What worried the Iranian government about her is the fact that she took a leading role in the demonstrations. According to the Tehran based Asr Iran news agency, she was arrested, alongside another one of her brothers and four other family members, after attending a demonstration in Tehran’s Tohid square. The fact that she is a leading Islamic feminist is one major source of worry. What has been notable about the current demonstrations is the presence of young women on the streets.

See our last post on Iran.

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  1. Tehran: arrested students tortured
    Received via e-mail, June 21:

    Excerpts from a Report on the Torture of Students Arrested At Tehran University

    Translator’s note: During the early morning hours of June 15, 2009, the dormitory of Tehran University was attacked by Iranian security forces and plainclothes policemen. Five students were killed and many were arrested. Below is a report which describes the ordeal of the
    arrested students.


    June 19, 2009

    Editor’s Note from Akhbar Rooz: Below is a brief report about the arrest of several students at the dormitory of Tehran University on June 15, 2009, and their transfer to the detention center located in the basement of Iran’s Ministry of Interior. We hope that professors and students who read this text call for the investigation of this horrible and hellish place.

    The arrest of students at the dormitory of Tehran University has involved violent, hostile and insulting treatment. The police and plainclothes policemen severely beat students upon arrest and showered them with insults. . . Their treatment at the detention center has been much worse and has included physical and emotional torture. The students who were arbitrarily arrested by plainclothes policemen were mostly sent to the basement of the Ministry of Interior or detention centers at various branches of the police department. Some were subsequently sent to the Evin Prison and have not been released. The report below recounts the arrests of several students who were sent to the torture center of the Ministry of Interior. It is based on accounts by the students themselves.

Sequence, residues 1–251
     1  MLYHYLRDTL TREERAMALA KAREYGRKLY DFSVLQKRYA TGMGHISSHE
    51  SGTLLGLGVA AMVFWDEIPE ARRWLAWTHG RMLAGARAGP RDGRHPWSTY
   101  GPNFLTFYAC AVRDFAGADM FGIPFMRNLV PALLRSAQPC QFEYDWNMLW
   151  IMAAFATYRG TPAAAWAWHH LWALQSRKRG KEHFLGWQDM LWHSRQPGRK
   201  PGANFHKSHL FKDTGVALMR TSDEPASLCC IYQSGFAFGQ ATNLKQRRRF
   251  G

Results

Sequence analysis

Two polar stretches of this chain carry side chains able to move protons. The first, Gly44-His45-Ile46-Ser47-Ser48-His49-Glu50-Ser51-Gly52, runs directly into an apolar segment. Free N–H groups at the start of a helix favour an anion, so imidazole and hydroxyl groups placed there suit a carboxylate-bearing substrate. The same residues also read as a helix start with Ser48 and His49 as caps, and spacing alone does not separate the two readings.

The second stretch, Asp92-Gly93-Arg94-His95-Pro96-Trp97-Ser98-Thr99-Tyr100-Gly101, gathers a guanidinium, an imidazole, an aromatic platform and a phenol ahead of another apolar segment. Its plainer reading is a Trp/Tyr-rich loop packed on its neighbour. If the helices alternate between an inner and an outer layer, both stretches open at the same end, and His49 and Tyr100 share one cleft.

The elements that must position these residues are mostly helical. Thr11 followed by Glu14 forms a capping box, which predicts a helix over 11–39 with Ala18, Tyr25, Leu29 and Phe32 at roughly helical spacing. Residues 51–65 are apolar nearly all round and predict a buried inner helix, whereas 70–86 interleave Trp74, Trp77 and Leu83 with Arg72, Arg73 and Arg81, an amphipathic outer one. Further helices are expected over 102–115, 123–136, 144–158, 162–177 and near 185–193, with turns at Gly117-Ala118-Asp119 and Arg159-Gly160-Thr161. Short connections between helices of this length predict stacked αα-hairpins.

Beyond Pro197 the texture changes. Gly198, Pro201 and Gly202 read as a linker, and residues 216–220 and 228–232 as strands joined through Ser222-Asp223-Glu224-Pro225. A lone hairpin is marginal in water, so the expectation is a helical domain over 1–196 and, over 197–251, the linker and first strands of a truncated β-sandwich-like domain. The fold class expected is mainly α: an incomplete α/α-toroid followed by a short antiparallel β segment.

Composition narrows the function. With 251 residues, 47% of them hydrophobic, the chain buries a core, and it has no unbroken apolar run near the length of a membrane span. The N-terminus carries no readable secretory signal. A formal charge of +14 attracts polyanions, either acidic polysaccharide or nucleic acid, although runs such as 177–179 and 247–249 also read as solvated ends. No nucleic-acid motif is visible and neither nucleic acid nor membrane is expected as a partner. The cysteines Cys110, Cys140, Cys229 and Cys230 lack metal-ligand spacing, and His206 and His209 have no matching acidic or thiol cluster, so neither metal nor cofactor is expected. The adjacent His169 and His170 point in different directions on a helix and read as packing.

Our group of 46 was transferred to the basement of the Ministry of Interior on a minibus. On the bus, we were blindfolded and placed on seats with tin hats put onto our heads. On the way, the police used their truncheons to continuously pound on the tin hats which created a horrible noise. . .

    The basement which was about 100 meters long was covered with black soot which exuded smoke. They forced us to lie on the floor and roll around. We had to roll around without hitting the next row of people. If any contact with the other row occurred, they would hit us with truncheons, punch us, utter sexually vile insults and say : “You want to make a revolution?” There were about 20 guards and plainclothes policemen there. Next, they made us sit on the floor and alternately look at the floor or the ceiling. After ordering us to stare at the floor, they would suddenly hit us in the back and the neck with their truncheons. . .

    Those who needed to use the restroom were treated inhumanly. The restroom was not covered and restroom use was limited to 30 seconds. Those who exceeded the limit were punched and thrown out of the restroom . . .

    A student who was beaten in the eye complained of losing his vision, but was beaten further and punched in the eye and the face. Another was suffering from a broken leg. . .

    We were not even given water. When given water, the liquid was poured down our throats from above. . .Later when they brought us a water hose, we approached the hose in the hope of getting water. But hot water came out, which burned our lips and mouths. Some thirsty students nevertheless drank the hot water. . .

    The food they gave us was moldy pasta which was thrown into the palms of our hands. We were told that if even one strand fell on the floor we had to pick it up and eat it. If we didn’t, we were hit on the head. . . .